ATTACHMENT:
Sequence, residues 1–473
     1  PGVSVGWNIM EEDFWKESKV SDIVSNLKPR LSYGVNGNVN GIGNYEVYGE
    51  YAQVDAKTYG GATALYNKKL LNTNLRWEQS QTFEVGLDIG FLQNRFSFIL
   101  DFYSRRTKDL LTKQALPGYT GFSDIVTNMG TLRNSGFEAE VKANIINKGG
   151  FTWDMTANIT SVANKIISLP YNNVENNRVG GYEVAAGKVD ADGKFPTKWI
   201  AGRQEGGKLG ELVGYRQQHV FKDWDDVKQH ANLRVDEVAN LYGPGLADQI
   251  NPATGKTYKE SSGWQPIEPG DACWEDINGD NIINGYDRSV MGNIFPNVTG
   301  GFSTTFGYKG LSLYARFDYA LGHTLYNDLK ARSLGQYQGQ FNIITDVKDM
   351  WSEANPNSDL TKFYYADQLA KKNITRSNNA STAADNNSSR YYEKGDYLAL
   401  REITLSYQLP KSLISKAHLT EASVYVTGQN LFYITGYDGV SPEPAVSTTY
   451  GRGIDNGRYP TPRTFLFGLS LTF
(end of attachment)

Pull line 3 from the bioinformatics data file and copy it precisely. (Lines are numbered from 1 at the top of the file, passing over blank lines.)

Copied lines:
    51  YAQVDAKTYG GATALYNKKL LNTNLRWEQS QTFEVGLDIG FLQNRFSFIL